ChoralArt board chairman David White said he and colleagues happened to have a regularly scheduled meeting Wednesday morning when they decided they should be proactive and cancel. “We were looking at a concert that was not quite three weeks away, and as we looked at that there were a tremendous number of unknowns,” he said. “Clearly, everybody thought we are more at the beginning of this than the end of this.”

The DaPonte String Quartet is in the midst of a statewide tour with a bicentennial concert. As of Thursday, the DaPonte’s concert for Sunday in Newcastle was still on, but it’s concert at the Maine Jewish Museum in Portland next Thursday has been canceled. The coronavirus was on the minds of everyone when the DaPonte performed last weekend, violist Kirsten Monke said.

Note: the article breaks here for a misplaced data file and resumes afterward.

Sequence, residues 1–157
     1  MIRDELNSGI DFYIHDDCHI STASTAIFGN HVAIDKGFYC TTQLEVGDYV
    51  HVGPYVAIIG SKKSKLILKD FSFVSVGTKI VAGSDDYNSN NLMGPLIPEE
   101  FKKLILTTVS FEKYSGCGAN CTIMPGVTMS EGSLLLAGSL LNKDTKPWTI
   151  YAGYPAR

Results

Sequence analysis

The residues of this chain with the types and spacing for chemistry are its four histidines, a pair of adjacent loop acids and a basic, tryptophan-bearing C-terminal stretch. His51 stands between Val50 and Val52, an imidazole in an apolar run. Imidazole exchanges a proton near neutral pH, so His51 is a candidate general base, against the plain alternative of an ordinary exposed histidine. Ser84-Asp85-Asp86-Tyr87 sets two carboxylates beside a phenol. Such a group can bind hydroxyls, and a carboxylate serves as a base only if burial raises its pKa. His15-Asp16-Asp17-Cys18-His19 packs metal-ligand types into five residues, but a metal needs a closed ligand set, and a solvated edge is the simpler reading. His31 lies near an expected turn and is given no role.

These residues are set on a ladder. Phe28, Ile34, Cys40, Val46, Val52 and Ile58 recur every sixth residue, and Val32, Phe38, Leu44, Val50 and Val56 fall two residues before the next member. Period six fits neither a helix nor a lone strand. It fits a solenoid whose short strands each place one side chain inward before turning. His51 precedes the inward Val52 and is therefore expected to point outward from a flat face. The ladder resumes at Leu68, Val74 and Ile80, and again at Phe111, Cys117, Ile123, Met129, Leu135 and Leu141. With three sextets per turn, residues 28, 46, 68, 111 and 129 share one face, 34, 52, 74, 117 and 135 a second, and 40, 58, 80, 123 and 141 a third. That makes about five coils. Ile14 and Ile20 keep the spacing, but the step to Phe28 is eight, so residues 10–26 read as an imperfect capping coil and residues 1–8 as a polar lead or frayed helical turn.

“People avoided the usual hugs and handshakes, and we tried to help encourage that. I think our crowd is highly aware and extremely conscientious about doing the right thing,” she said. “Lots of hand washers and sanitizers. I have to say, I didn’t hear any coughing in the audience for the first time in a very long time.”